An old chestnut holds it’s not what you earn, but what you keep. Unfortunately, that hasn’t taken hold with investors who view taxes as a pleasant problem — higher income taxes can mean a high performing portfolio — if they consider taxes at all.
Even investors who consider taxes often do so after the fact, noted Portland, Oregon, financial planner Glen Clemans.
“It is not so much an issue of downplaying taxes, but rather, looking at it too late,” he said. “Most people focus on taxes in March or so, when they are filing for the previous year.”
But there are savvy investors who know how to lessen the impact of taxes on their earnings and retirement savings plans.
“In the decision-making process, a less common consideration is the impact of taxes. And even less common is the disciplined selection of investment strategies that allow goals to be realized in a tax-efficient manner,” reported “Strategies to Manage the Ever Bigger Bite of Taxes,” a March 2015 study by AMG Funds.
One of the first steps to better manage taxes on investments is to understand the difference between fully taxable and tax-deferred accounts.
For fully taxable accounts, which include conventional investment and checking and savings accounts, investors are obligated to pay taxes on earnings from these investments in the year the income was received.
Tax-deferred accounts don’t generate any sort of tax obligations until funds are withdrawn. These include Individual Retirement Accounts (IRAs), Roth IRAs, 401(k)s and 529 college savings plans, among others. (Roths and 529s are also tax-free when the money is withdrawn — withdrawals from other accounts generate taxes.)
To illustrate the difference: A 20-year investment program starting with $1,000 and annual contributions of $1,000 earning 8 percent a year totals $50,423 in a tax-deferred account. Assuming a marginal tax bracket of 25 percent, the same program in a fully taxed account would total only $39,993. There are online calculators, such as this website, where you can run your own projections.
There are other reasons to take advantage of tax-deferred accounts. For employees with 401(k) or 403(b) plans, there’s a two-tiered tax break. First, earnings are only taxable when money is withdrawn. Next, an employee's net salary can be taxed after the regular contribution is made to the savings plan — an immediate “return” on tax savings.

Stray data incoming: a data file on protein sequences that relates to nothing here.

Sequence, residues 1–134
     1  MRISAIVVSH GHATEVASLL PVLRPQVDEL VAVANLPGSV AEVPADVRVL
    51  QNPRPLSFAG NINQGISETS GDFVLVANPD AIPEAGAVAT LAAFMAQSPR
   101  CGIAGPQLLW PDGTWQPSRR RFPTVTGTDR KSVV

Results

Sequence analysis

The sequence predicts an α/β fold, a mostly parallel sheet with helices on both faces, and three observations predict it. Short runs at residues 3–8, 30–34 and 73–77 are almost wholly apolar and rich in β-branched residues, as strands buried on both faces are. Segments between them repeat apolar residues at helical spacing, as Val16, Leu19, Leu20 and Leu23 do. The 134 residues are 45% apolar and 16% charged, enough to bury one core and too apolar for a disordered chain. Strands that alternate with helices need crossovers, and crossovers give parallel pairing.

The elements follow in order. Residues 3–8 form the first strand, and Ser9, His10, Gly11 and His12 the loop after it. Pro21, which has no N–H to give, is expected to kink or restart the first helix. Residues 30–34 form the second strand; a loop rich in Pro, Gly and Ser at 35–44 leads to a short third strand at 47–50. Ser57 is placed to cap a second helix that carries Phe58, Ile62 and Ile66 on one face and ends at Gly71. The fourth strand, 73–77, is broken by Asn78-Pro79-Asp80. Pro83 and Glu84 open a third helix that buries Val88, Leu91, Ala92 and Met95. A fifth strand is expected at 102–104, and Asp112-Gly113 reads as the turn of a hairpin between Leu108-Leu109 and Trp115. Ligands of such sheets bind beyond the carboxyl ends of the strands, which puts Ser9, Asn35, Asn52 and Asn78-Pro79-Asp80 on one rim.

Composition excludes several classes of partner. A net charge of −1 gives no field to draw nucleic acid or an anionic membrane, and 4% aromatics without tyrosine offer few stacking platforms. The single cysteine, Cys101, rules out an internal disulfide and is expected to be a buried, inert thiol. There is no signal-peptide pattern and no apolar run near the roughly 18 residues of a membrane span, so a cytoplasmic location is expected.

“People really have to make sure they’re taking full advantage of their pretax plan at work,” said Clemans.
It’s also helpful to carefully compare tax-deferred accounts. For instance, investors can deduct from their income taxes contributions to a conventional IRA, provided they meet income guidelines (roughly $60,000 in annual income for singles and $181,000 for couples.) But withdrawals from IRAs are fully taxed.
A Roth IRA provides no tax break for contributions, but earnings and withdrawals are generally tax-free.
“It’s advisable for those who can to go with a deductible IRA,” said Clemans. “On the other hand, for those who may be in a higher bracket in retirement, look to the Roth instead.”
Self-employed people can also take advantage of tax-conscious savings vehicles. While Simplified Employee Pensions (SEPs) may be recognizable to many, the Solo 401(k) has the added plus of potentially higher contribution levels, depending on how contributions are calculated, according to the blog Oblivious Investor, which offers more detailed explanations of retirement savings options for the self-employed.
Calculating the impact
Although much depends on an investor’s specific situation — particularly with regard to the applicable tax bracket — it’s also helpful to know the basic tax consequences of specific investments.
Since portfolio turnover is a major tax culprit for mutual funds, index funds and Exchange Traded Funds, or ETFs, are a popular choice to minimize taxes. Rather than aggressively buying and selling individual stocks, index funds are designed to track other groups of investments, such as major stock market indices.
“With some active mutual funds there are capital gains and losses produced by the fund managers which the investor has little or no control over,” said Andrew Feldman of AJ Feldman Financial in Chicago.
Another choice is tax-managed funds. Like index funds, they buy and hold investments for a long time to reduce taxes from portfolio turnover. Additionally, they avoid dividend-paying stocks, yet another source of tax activity. Some also allocate a portion of their portfolio to tax-free municipal bonds.
Investors can get a sense of an investment fund’s tax exposure by investigating its turnover ratio. This represents the portion of a fund’s portfolio that changes annually. A low percentage (30 percent or lower) represents a modest turnover ratio. Morningstar lists turnover ratio on a fund's main page.
“The higher that number, the more the fund is buying and selling stocks, which creates tax consequences in accounts that are not tax-deferred,” said Ed Snyder of Oaktree Financial Advisors in Carmel, Indiana. “You could have a year where your account is down in value, but still have taxes due because your funds sold some investments that they had held for a long time that were up. That sale creates a gain that is passed through to you.”
A time when turnover can be in the taxpayer's interest is when an investment loses its value. If an investor has a stock or fund that is selling for less than they paid, selling it and investing the money elsewhere locks in a tax-deductible loss.